State Lawmakers Passed a Budget, but Where are the Republicans?

Much of the news coming out of Sacramento concerns the Legislature's passage of a budget by the constitutional deadline -- June 15 -- last week. In the past the Legislature has blown right past that constitutional deadline. What is different?

Back in 2010 California voters approved Proposition 25, which lowered the requirement for lawmakers to pass a budget from two-thirds of members of the State Senate and State Assembly to a simple majority of both legislative houses. Proposition 25 also sweetened the deal for voters by providing that legislators would lose their pay if they "didn't do their jobs" and failed to pass a budget by June 15.

The consequence of Prop 25 is that Democrats can pass a budget without needing even one Republican vote. But what does this budget look like?

Well, only a simple majority is needed to impose spending cuts, but in order to impose revenue increases, either by increasing fees or taxes, two-thirds of both legislative houses must agree. That means Republicans must get on board in order to either raise revenue, or put a measure on the ballot asking voters whether they will agree to raise revenue. In what may be the understatement of the decade, it is safe to say that members of the GOP are averse to raising either fees or taxes.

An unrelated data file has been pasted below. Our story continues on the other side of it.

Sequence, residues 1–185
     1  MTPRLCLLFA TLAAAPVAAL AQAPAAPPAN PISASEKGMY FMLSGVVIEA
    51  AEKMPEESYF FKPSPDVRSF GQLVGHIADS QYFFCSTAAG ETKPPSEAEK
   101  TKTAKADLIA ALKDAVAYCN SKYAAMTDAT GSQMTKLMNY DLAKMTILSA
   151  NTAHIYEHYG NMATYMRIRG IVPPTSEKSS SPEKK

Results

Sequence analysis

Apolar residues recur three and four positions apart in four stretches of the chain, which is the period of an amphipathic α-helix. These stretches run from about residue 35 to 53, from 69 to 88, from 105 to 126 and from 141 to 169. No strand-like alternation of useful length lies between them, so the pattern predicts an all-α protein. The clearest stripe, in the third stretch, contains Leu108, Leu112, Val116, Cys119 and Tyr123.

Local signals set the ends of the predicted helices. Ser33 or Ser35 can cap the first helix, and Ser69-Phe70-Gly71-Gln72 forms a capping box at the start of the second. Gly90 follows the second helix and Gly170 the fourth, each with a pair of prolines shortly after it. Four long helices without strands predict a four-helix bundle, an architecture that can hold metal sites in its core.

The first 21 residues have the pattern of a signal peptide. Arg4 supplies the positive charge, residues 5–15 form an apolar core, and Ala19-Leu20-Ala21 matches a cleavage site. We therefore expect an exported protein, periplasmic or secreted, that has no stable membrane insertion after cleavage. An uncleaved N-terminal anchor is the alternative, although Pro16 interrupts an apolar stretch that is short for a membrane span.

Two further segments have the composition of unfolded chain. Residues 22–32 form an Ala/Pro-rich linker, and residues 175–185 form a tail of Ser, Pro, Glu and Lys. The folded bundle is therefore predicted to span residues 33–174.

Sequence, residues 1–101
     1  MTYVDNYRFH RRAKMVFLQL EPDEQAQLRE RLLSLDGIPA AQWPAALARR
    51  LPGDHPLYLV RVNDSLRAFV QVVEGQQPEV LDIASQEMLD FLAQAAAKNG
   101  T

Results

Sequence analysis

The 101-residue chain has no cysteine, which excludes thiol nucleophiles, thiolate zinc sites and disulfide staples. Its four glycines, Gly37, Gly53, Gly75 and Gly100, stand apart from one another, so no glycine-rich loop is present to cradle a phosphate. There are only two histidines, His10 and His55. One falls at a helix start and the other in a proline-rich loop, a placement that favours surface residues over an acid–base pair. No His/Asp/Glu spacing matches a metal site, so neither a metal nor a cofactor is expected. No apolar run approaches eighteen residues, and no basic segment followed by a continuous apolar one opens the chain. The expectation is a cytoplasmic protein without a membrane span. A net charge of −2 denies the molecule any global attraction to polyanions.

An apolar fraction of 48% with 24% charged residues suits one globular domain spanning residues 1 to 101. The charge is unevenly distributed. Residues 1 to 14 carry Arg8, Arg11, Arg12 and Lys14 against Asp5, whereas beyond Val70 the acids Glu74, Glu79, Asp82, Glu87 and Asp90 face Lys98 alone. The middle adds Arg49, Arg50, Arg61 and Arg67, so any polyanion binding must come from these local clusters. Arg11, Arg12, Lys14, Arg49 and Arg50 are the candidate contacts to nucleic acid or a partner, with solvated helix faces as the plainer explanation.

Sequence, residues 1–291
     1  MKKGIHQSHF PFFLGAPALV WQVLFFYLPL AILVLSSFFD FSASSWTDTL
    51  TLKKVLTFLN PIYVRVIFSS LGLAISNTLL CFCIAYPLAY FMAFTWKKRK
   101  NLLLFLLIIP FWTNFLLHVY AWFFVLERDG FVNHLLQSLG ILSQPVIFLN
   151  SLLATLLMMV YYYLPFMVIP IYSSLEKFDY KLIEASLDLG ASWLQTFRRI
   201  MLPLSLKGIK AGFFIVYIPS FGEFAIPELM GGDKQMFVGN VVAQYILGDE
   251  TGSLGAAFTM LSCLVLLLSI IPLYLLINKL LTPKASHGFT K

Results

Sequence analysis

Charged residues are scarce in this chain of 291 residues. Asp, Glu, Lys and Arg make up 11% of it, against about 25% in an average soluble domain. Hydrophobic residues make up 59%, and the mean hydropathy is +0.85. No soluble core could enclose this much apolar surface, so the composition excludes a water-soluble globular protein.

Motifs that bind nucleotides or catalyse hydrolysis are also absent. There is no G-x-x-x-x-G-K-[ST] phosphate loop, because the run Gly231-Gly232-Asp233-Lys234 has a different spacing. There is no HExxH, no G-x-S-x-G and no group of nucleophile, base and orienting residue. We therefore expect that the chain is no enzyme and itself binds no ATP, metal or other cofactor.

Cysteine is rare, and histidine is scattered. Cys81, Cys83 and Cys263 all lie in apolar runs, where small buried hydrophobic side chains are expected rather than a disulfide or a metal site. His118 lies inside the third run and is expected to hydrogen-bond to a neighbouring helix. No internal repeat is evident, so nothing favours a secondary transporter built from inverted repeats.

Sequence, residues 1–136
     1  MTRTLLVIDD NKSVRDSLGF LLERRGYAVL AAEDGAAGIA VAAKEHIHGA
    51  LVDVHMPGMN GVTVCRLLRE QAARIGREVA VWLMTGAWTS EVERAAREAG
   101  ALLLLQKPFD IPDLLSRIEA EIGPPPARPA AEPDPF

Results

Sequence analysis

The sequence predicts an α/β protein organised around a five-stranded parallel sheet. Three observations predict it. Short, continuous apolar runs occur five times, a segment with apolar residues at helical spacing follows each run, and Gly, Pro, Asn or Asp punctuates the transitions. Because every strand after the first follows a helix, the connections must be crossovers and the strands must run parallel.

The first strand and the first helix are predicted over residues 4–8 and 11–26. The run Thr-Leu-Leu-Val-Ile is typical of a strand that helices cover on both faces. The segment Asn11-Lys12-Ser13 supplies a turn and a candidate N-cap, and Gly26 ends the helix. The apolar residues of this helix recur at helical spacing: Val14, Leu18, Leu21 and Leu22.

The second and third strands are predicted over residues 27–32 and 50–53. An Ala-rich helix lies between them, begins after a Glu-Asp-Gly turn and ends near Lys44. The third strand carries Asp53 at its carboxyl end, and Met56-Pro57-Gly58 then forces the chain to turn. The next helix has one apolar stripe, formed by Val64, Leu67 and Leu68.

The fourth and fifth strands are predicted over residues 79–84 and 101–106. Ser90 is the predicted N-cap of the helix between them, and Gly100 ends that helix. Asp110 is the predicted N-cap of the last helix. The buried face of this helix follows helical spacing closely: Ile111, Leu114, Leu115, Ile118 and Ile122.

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Last year Governor Jerry Brown involved Republicans in budget talks because he wanted them to agree to put his tax proposals on the ballot. These efforts were unsuccessful, and Brown instead used the initiative process to gather enough signatures to put his proposals on the November 2012 ballot. This year Republicans seemed to play a much smaller role in the budget process.

While not one Republican voted for the budget plan, no Republican votes are needed under our current system. So the budget passed on time, although it is not clear exactly what that budget looks like (many have complained that the process lacked transparency this year), but members of the minority party were essentially relegated to the role of observers.

It is worth asking whether the current, quick, but seemingly less transparent system is an improvement.

Jessica Levinson writes about the intersection of law and government every Monday. She is a Visiting Professor at Loyola Law School. Read more of her posts here.

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